Hubris: in Scripture and today


Scripture: 2 Kings 5: 1-14, Nigel Bunce

We see hubris in action in today’s Scripture story of Namaan’s leprosy.  Namaan thought that the prophet Elisha should have shown him more respect.  In our world, we see hubristic attitudes in Germany’s decisions about its energy supplies. And also in North America’s continued use of food crops to produce biofuels in the face of world hunger.


Hubris: what a great word! It combines insolence and arrogance. Exaggerated pride or overconfidence. The idea of hubris originated in ancient Greek theatre.  Where a mortal person’s lack of respect of human limitations led to the gods giving the mortal his come-uppance.

We see hubris in action in Namaan. There, the background to the story is the ancient world’s phobia about skin disease. Generically, they fell under the term leprosy. Therefore Namaan would lose his army position.  He’d have to go to a leper colony.

So Namaan pulled all the strings he could. His king gave him a “letter of introduction” to the king of Israel. He took a whole load of gifts to try to seal the deal. Eventually he went to the home of the prophet Elisha.  He begged Elisha to cure his disease.  However, Elisha only sent a servant, who told him to go and wash seven times in the River Jordan.

Namaan’s hubris

Namaan was highly insulted. Because he was an important man. Surely, Elisha could at least have given him a personal audience. Besides, the River Jordan is in reality a muddy little stream that drains a semi-arid area into the Dead Sea. Therefore, if his leprosy cure required bathing, he could bathe in better rivers back home.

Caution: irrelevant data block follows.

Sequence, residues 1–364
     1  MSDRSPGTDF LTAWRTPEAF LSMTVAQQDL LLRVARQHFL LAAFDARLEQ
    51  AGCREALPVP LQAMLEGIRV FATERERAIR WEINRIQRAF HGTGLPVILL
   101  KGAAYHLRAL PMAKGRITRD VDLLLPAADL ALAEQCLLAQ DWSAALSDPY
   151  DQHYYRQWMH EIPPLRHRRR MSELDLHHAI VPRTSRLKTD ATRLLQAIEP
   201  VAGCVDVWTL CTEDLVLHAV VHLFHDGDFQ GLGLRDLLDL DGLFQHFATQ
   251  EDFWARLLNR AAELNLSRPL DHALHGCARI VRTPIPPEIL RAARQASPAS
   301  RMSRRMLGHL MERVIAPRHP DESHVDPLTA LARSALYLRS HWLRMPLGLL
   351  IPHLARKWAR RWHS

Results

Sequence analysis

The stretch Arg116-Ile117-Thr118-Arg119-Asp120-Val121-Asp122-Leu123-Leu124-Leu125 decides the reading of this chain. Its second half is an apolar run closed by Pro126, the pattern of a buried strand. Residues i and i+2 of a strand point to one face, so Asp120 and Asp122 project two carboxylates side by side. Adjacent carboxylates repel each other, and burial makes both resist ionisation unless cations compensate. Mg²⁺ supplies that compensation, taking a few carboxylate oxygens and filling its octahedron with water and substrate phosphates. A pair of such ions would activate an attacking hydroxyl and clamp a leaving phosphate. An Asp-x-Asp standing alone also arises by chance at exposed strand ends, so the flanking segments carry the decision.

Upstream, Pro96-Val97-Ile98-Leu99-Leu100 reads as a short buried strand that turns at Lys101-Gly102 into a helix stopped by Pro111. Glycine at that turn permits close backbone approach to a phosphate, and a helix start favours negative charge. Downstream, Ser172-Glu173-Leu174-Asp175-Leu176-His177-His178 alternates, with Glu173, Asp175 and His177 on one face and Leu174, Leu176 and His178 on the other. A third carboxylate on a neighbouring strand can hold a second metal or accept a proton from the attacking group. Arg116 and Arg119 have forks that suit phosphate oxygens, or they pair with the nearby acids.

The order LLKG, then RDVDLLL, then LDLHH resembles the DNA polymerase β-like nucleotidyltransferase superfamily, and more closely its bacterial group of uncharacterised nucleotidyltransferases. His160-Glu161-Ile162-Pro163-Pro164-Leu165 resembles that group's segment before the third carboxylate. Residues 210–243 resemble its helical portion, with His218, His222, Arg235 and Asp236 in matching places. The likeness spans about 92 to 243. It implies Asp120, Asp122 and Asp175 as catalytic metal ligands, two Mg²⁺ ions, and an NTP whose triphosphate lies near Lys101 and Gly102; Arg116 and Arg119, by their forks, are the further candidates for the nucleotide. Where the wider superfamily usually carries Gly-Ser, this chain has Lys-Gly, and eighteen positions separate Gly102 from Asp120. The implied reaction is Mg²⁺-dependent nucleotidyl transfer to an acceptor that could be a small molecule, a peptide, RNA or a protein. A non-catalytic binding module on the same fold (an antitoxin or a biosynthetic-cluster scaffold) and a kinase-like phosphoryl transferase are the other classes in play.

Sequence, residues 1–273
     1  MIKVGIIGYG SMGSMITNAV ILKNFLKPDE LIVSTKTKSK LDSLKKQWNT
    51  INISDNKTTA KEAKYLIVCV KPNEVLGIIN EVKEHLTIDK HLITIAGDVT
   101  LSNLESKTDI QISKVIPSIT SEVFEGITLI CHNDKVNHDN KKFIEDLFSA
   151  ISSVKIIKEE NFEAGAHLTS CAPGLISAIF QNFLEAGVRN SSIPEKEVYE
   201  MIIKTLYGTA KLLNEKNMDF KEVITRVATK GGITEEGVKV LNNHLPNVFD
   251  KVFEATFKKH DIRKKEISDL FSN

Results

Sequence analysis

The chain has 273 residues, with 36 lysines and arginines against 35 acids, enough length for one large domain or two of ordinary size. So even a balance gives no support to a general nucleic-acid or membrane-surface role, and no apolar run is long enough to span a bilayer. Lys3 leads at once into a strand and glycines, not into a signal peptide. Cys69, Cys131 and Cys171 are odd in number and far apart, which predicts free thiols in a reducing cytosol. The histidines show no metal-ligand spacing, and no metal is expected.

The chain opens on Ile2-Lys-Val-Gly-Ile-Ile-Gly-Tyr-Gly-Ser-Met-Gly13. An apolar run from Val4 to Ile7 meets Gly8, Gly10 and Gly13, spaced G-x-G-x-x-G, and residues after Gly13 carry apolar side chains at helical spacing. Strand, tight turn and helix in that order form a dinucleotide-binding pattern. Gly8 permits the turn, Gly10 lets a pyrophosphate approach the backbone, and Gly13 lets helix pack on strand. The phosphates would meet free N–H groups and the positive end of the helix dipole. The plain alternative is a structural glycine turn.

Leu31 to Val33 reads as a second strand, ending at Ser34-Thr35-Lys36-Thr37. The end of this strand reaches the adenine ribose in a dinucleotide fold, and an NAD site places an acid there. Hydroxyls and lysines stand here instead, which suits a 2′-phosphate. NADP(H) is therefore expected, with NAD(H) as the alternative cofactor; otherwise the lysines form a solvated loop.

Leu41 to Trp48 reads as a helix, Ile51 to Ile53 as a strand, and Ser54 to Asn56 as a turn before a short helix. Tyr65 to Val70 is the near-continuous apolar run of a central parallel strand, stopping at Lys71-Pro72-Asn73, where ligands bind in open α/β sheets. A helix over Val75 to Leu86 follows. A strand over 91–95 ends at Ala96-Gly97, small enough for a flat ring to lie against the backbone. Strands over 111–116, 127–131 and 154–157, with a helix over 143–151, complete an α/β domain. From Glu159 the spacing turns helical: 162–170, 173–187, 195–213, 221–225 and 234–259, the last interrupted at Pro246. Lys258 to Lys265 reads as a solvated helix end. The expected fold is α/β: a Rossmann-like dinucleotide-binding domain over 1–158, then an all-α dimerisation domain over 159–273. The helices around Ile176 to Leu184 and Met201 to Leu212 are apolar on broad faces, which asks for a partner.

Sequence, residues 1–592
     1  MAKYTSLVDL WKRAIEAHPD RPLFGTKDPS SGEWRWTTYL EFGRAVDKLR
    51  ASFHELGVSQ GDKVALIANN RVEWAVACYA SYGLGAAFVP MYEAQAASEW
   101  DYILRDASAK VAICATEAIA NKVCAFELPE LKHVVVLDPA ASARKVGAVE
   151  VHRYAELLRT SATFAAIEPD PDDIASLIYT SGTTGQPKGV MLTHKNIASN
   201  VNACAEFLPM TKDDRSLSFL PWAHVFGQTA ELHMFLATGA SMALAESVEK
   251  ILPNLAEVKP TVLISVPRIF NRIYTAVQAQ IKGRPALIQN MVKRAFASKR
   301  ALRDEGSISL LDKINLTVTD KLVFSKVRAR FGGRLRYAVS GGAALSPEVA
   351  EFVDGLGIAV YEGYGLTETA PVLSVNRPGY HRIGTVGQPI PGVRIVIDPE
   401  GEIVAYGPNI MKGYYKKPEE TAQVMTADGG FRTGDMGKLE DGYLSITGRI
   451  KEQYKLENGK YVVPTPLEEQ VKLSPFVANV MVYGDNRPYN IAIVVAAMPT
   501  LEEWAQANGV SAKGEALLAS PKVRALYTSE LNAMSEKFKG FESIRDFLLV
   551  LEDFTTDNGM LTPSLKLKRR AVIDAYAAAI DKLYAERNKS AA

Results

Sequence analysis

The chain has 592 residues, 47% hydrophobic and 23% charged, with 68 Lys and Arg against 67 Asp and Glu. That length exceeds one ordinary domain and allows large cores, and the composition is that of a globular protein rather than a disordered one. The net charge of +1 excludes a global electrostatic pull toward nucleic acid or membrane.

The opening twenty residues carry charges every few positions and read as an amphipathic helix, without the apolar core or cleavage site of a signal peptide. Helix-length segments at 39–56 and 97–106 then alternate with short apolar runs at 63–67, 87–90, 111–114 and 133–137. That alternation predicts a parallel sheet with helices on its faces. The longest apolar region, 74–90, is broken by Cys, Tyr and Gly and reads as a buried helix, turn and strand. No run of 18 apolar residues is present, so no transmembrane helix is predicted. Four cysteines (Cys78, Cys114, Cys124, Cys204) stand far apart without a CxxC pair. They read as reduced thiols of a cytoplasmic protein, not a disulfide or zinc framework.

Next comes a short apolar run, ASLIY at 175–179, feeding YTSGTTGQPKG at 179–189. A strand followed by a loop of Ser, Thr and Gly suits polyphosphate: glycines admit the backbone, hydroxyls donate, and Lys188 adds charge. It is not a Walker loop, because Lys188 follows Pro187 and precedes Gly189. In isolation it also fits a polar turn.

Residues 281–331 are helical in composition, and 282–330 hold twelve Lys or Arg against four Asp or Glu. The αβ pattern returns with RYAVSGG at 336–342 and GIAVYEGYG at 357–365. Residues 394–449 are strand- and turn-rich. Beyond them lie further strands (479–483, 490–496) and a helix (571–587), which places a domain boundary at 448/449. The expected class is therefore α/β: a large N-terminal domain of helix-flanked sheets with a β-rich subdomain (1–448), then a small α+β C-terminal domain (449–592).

Worse, Namaan’s servants called out his hubris. They said he was unreasonable. If Elisha had asked him to do something more difficult, he would surely have done so. Namaan was angry! Imagine his servants challenging him that way. However, eventually he did what Elisha told him. His skin became clean again. It was a miraculous cure.

Recent examples of hubris: 1. German gas supplies

I saw hubris in action in two recent articles by the Globe & Mail ‘s correspondent Eric Reguly.

First, Europe has ultra-high natural gas prices and faces actual shortages this winter. But don’t just blame Russia. The heart of the matter is German hubris.

Successive German Chancellors Schroder and Merkel decided to go for broke on Russian gas. They figured that Vladimir Putin needed them more than they needed him. The Nordstream gas pipeline supplies 40% of German gas needs, so they shut down their fleet of nuclear reactors. So not only is Germany largely funding Russia’s war on Ukraine. Putin can shut off the taps and laugh at their discomfort. Arrogance – thy name is hubris. 

Recent examples of hubris: 2. North American biofuel subsidies

However, the other issue strikes even closer to home. 40% of North American crop-land grows the grains to make the biofuel ethanol. Like Nordstream in Germany, it seemed like a good idea at the time. Grain prices were low. Although I always argued that it was and is immoral to turn food into motor fuel. Especially because ethanol is a lower grade fuel than gasoline. It’s nothing more than an agricultural subsidy.

Reguly wrote (June 17): “The UN’s World Food Programme estimates the number facing “acute food insecurity” has doubled to 276 million since 2019 and that almost 50 million “are facing emergency levels of hunger.”

The midst of a food crisis – one with no end in sight – is no time for the West to boost biofuel mandates. The world needs less ethanol and other biofuels for cars and more food for humans. Any government that thinks otherwise is morally bankrupt.” So, are you listening, Mr. Trudeau? Mr. Biden? Do you care?